Mission Doesn’t Have a Reverse Gear

EMQ » January–April 2024 » Volume 60 Issue 1

Bangui, Central African Republic: A YWAM staff member from Cameroon teaches a discipleship training school class at the YWAM Bangui base. Photo by Zeke du Plessis, courtesy of WGA.

Summary: Reverse mission is often used to describe Majority World mission movements, particularly ones to Western countries. But this way of describing mission carries baggage that encourages certain mission movements to be seen as more or less than others.

By Harvey Kwiyani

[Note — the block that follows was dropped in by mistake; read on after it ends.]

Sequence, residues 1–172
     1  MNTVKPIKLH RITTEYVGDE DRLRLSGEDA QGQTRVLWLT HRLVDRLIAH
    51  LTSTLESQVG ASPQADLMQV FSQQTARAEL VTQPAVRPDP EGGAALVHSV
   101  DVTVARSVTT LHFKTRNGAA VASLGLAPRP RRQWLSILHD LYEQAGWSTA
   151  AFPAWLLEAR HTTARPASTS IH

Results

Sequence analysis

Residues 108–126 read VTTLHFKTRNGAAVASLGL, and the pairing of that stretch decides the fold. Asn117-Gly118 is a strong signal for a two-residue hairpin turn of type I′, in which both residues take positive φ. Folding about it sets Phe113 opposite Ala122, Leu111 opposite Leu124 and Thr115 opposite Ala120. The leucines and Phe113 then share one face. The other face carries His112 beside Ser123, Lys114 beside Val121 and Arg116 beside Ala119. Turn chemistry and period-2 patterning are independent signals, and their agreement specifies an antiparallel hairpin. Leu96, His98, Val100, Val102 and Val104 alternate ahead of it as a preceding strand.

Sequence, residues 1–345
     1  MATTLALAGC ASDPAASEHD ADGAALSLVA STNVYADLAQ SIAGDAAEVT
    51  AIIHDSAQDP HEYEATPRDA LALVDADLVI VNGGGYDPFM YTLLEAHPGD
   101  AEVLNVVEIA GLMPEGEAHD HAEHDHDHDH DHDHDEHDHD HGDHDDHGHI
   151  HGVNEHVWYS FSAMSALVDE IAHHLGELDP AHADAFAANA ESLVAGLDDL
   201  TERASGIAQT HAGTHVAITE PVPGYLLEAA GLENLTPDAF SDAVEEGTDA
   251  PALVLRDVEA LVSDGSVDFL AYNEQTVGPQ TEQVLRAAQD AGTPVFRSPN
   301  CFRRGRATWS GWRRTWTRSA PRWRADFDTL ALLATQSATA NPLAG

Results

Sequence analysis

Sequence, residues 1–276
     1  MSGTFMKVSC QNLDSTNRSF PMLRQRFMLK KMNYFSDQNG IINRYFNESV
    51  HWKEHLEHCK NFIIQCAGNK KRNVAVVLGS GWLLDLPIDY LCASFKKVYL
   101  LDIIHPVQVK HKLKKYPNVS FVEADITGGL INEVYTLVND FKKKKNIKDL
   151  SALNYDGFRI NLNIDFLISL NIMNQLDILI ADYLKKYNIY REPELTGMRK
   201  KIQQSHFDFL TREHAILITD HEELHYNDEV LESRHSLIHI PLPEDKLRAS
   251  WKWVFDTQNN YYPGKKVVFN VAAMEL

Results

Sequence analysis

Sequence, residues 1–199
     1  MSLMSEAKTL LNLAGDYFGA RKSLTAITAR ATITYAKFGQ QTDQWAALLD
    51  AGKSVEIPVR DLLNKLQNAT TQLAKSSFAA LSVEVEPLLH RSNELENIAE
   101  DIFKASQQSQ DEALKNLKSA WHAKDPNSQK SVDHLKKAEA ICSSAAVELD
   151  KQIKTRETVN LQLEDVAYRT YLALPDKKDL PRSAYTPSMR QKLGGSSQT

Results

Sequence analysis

There is a great deal of controversy around the term reverse mission. Some scholars love it. They say it is an easy descriptor for the missionary movement that starts in Africa and ends up in the West. Other scholars find it difficult to justify, saying it has too much colonial and racist connotations. Whatever the case, it is here. It is still in popular use in some academic circles, though it is clearly in decline, having peaked in the years between 2010 and 2015. This decline may reflect a growing awareness of some of its shortcomings.

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